Donna Shirley: There was a fellow named Mr. Brady, and he was my advisor when I first came to college. So, I strolled in very confidentially and said, "Okay, I'm here to sign up for my engineering courses." And he said, "What are you doing here?" And I said, "Well, I'm here to enroll in engineering." He said, "Girls can't be engineers." And so I said, "Well, yes I can." And so he said, "All right." I said, "What classes should I take?" And he said, "Well, here's the requirements and then you can take anything you want, and just bring it back and I'll sign it."

[ Key to Success ] Perseverance

I signed up for 19 hours. The normal load was 15, but I wanted to take flying. And so, I signed up for this flying class, in addition to a fairly heavy course load. And plus, I'm good at taking multiple choice tests, which was the entrance exam for school. And so, they put me in advanced chemistry and calculus and all these advanced classes, and I was woefully unprepared for them. So, with the heavy course load, flying took a lot of time. So, I really didn't do very well for at least the first eight weeks. And in fact, I was flunking and my parents came up and, oh my gosh, you know, "Can we get you a tutor? What can we do?" So I went home over Christmas and just studied the whole time, and pulled out a B average that semester. But it was pretty hairy.

[ Key to Success ] Preparation

What was behind your passion for flying?

Donna Shirley: When I was a little kid I had model airplanes hanging from my ceiling and all that. My father gave me flying lessons for my 15th birthday. I went up to Paul's Valley, Oklahoma, which was the big town, seven miles north - it was 5,000 people, instead of 2,500. It had this little airfield, and I took flying lessons.

You have to be 16 to solo. So, I had to wait till I was 16 and then I flew by myself. We flew these little wooden fabric planes, in fact, some of them didn't have an automatic starter, so somebody had to go out and flip the propeller to get them started. They didn't have radios and they didn't have any instruments, so I was flying around just like one of those early barnstormers in these little planes.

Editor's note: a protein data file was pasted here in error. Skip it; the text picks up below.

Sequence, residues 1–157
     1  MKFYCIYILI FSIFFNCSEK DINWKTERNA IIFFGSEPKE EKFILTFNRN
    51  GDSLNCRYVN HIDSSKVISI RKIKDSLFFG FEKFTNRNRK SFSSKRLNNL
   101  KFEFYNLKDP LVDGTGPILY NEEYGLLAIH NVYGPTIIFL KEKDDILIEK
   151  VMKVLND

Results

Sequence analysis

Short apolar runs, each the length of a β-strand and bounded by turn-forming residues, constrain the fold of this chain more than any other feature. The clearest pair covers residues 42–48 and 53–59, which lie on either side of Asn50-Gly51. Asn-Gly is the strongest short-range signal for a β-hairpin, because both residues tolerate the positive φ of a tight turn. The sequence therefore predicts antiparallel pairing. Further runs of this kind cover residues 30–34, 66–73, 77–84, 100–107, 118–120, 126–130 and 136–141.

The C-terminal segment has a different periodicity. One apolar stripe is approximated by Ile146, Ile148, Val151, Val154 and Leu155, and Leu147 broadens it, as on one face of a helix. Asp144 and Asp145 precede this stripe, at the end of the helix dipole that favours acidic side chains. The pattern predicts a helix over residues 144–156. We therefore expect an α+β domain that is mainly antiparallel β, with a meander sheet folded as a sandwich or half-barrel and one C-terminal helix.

Donna Shirley Interview Photo
In college they had a flying club. We flew Aronca Champs, so we were called the Air Knockers. We went on flying trips, we would fly to the University of Illinois for example, and there'd be contests to see who could land the most accurately and who could drop a sack out of the window and hit a target, who could navigate around a course the most accurately. They were really fun. We went to flying meets and really had a good time. I had this really intense period from 15 to 21 when flying was my whole passion, and I flew all the time. I got a flight instructor's rating and a multi-engine rating and a C plane rating, and I soloed in a glider and everything.

When I graduated from college, I went to work in St. Louis and when my father stopped paying for it, I couldn't afford to fly anymore. When I moved to Los Angeles I could have picked it up again, because I wasn't quite so poverty stricken, but in Oklahoma you could fly out in the wide open spaces, and that was really the free, out there kind of flying that I wanted to do. In big cities it's all controlled air space with a lot of radios and everything, and I really didn't enjoy it. In Los Angeles you have to drive a couple of hours to get to a place where it's interesting to fly. So when I went to California I took up sailing and skiing. I still have a lot of aerodynamic activities, but I'm not flying anymore.

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This page last revised on Sep 28, 2010 10:12 EDT